Welcome to Renaissance France, a place of poison and plots, of beauties and beasts, of mice and . . . queens?⠀ ⠀ Mary is the queen of Scotland and the jewel of the French court. Except when she’s a mouse. Yes, reader, Mary is an Eðian (shapeshifter) in a kingdom where Verities rule. It’s a secret that could cost her a head—or a tail.⠀ ⠀ Luckily, Mary has a confidant in her betrothed, Francis. But after the king meets a suspicious end, things at the gilded court take a treacherous turn. Thrust onto the throne, Mary and Francis are forced to navigate a viper’s nest of conspiracies, traps, and treason. And if Mary’s secret is revealed, heads are bound to roll.
**My Contrary Mary comes out June 22, 2021**
Thank you Edelweiss and HarperCollins for this copy in exchange for an honest review.
I’ve been a fan of the Lady Janies since their first collaborative work, My Lady Jane, came out. With humor and plenty of witty asides to us readers, these ladies can really draw you into their version of history full of the miraculous and happy endings. My Contrary Mary follows this same line of storytelling, the first in I’m assuming a series of ladies named Mary instead of Jane. However, sometimes like a joke that repeats itself a bit too much in a comedic routine, it just loses its initial appeal.
An academic enemies-to-lovers YA with all the nerdy drama, high school antics, and heartpounding romance of the Netflix original series Never Have I Ever
Since high school began, Alison Sanger and Ethan Molloy have competed on almost everything. AP classes, the school paper, community service, it never ends. If Alison could avoid Ethan until graduation, she would. Except, naturally, for two over-achieving seniors with their sights on valedictorian and Harvard, they share all the same classes and extracurriculars. So when their school’s principal assigns them the task of co-planning a previous class’s ten-year reunion, with the promise of a recommendation for Harvard if they do, Ethan and Alison are willing to endure one more activity together if it means beating the other out of the lead.
But with all this extra time spent in each other’s company, their rivalry begins to feel closer to friendship. And as tension between them builds, Alison fights the growing realization that the only thing she wants more than winning…is Ethan.
While enemies to lovers trope is one that many people thoroughly enjoy, I found What’s Not to Love just a tad bit over the line in the enemies territory for comfort. Ethan and Alison have spent their high school years with a rivalry that’s borderline toxic for not just themselves but those around them. If one can handle their constant arguments and one-upping one another, then by all means this is a novel for you.
A thrilling and original coming-of-age novel for adults about a young man practicing magic in the real world.
Quentin Coldwater is brilliant but miserable. A senior in high school, he’s still secretly preoccupied with a series of fantasy novels he read as a child, set in a magical land called Fillory. Imagine his surprise when he finds himself unexpectedly admitted to a very secret, very exclusive college of magic in upstate New York, where he receives a thorough and rigorous education in the craft of modern sorcery.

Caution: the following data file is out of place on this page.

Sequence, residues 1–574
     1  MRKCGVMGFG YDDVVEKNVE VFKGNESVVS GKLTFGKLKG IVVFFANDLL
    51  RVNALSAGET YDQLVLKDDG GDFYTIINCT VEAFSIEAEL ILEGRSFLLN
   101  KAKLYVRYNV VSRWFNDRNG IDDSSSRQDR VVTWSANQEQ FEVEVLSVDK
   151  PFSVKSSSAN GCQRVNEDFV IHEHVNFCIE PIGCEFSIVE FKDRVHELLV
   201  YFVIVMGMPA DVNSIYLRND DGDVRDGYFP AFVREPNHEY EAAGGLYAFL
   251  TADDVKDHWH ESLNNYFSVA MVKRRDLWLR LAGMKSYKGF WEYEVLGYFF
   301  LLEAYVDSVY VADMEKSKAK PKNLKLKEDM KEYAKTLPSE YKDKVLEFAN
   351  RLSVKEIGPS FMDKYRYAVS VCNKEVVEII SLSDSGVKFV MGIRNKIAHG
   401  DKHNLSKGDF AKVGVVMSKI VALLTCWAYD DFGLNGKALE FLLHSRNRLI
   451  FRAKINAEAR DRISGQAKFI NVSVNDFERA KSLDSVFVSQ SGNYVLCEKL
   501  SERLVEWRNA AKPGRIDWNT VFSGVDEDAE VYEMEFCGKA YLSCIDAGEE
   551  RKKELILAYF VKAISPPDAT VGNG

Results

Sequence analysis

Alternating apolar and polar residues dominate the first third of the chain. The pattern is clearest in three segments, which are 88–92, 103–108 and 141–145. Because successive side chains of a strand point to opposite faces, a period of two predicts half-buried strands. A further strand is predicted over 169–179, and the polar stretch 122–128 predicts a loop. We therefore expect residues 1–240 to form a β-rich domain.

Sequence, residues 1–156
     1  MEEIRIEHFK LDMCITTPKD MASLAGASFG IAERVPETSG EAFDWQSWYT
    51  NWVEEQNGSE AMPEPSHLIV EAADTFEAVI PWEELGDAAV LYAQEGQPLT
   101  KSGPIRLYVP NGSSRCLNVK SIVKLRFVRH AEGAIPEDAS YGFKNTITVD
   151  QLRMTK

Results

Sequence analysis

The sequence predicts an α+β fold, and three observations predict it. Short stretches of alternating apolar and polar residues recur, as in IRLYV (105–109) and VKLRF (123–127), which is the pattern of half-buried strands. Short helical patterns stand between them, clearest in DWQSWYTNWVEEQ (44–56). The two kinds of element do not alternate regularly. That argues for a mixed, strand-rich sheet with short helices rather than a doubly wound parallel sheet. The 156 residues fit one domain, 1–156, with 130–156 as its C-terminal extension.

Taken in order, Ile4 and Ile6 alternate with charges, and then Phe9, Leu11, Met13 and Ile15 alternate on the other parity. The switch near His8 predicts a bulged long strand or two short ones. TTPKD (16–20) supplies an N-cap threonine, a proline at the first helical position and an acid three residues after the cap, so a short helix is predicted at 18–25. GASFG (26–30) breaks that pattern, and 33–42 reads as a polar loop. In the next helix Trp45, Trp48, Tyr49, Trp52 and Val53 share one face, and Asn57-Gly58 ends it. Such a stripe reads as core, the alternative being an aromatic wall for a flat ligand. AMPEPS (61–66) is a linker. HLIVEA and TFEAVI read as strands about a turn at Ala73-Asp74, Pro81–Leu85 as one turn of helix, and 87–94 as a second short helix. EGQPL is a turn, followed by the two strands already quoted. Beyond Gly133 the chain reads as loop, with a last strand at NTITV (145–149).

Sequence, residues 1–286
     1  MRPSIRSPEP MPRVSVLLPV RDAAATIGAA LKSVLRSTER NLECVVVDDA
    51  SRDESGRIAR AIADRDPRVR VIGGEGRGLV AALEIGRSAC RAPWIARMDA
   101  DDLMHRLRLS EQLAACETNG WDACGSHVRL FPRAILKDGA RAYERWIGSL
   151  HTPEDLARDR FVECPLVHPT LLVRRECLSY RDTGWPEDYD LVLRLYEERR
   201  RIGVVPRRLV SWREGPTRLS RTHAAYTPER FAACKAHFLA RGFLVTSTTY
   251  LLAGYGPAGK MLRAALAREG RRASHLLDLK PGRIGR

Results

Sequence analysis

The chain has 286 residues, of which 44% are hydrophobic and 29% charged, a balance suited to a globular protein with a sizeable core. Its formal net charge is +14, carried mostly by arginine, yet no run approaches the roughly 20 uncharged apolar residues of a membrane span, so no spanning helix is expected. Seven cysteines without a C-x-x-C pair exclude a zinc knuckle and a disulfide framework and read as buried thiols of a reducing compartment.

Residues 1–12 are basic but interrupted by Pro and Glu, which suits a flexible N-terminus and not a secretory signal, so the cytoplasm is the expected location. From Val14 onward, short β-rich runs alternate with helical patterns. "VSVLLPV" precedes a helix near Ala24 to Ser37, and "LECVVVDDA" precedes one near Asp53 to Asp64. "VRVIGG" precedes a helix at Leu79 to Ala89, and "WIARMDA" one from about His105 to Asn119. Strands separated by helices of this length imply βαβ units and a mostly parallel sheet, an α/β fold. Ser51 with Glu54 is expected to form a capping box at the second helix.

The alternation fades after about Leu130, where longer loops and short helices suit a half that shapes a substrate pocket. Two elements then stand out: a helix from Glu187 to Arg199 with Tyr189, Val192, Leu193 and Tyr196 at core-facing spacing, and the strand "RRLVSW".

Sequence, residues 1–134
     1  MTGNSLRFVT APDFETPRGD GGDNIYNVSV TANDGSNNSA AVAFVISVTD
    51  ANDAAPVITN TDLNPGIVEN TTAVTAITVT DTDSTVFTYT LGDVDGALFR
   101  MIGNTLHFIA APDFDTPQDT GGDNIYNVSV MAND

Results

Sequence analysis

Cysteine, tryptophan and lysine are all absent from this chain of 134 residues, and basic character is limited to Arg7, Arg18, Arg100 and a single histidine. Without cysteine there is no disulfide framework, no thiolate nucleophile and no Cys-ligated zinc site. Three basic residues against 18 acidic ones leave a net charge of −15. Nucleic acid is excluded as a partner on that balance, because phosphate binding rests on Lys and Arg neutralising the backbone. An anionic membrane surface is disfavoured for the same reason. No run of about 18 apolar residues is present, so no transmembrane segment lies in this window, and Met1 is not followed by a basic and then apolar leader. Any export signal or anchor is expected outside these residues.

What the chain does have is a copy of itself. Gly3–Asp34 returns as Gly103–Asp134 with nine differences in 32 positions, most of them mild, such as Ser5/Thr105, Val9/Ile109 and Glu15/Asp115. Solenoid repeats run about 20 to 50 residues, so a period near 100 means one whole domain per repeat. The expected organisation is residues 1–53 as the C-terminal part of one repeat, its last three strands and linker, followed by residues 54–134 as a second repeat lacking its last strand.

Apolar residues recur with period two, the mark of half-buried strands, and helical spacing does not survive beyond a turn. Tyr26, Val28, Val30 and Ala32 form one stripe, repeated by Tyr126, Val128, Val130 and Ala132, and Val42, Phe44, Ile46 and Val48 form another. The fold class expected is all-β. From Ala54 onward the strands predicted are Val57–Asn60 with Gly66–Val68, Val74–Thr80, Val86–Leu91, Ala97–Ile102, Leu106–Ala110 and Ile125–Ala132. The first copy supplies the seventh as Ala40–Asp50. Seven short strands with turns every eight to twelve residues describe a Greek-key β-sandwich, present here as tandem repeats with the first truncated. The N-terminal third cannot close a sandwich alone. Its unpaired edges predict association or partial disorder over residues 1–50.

He also discovers all the other things people learn in college: friendship, love, sex, booze, and boredom. Something is missing, though. Magic doesn’t bring Quentin the happiness and adventure he dreamed it would. After graduation he and his friends make a stunning discovery: Fillory is real. But the land of Quentin’s fantasies turns out to be much darker and more dangerous than he could have imagined. His childhood dream becomes a nightmare with a shocking truth at its heart.
At once psychologically piercing and magnificently absorbing, The Magicians boldly moves into uncharted literary territory, imagining magic as practiced by real people, with their capricious desires and volatile emotions. Lev Grossman creates an utterly original world in which good and evil aren’t black and white, love and sex aren’t simple or innocent, and power comes at a terrible price.
So close, yet so far. I would say that this story is a strong combination of The Chronicles of Narnia and Harry Potter. This was highly recommended to me by a friend, and while I can see why they enjoyed it, I just wish I enjoyed it more too. While the aforementioned series have more of a hopeful tone and a feel for adventure, The Magicians is much more of an “adult” and “realistic” version of those two worlds, where magic really doesn’t solve your problems, and where the world is much more sinister than just a villain like Lord Voldemort.
The Magicians revolves around our main character, Quentin, who is the classic brilliant but troubled student. He goes through 5 years of training at Hogwarts Brakebills to train as a magician before being thrust back into the adult “normal” world. Eventually he also discovers that his childhood books about crossing into Narnia Fillory are also real. I would say the first half of the book is like going through all of Hogwarts, and the second part is akin to The Lion, The Witch and The Wardrobe.
I wanted to like this, but I think the biggest factor for me was that I hated Quentin. I just couldn’t get over what a terrible person he was. Incredibly selfish and hedonistic, he often leads the people around him to destruction, all the while whining about it. It supposedly stems from a bit of an inferiority complex and some clinically undiagnosed depression? But I honestly could not empathize at all with him. I guess that would be the biggest gripe for me, sure he was brilliant at learning and knew he was. But the kind of person he was…I just couldn’t stand for it, and therefore never rooted for him at all.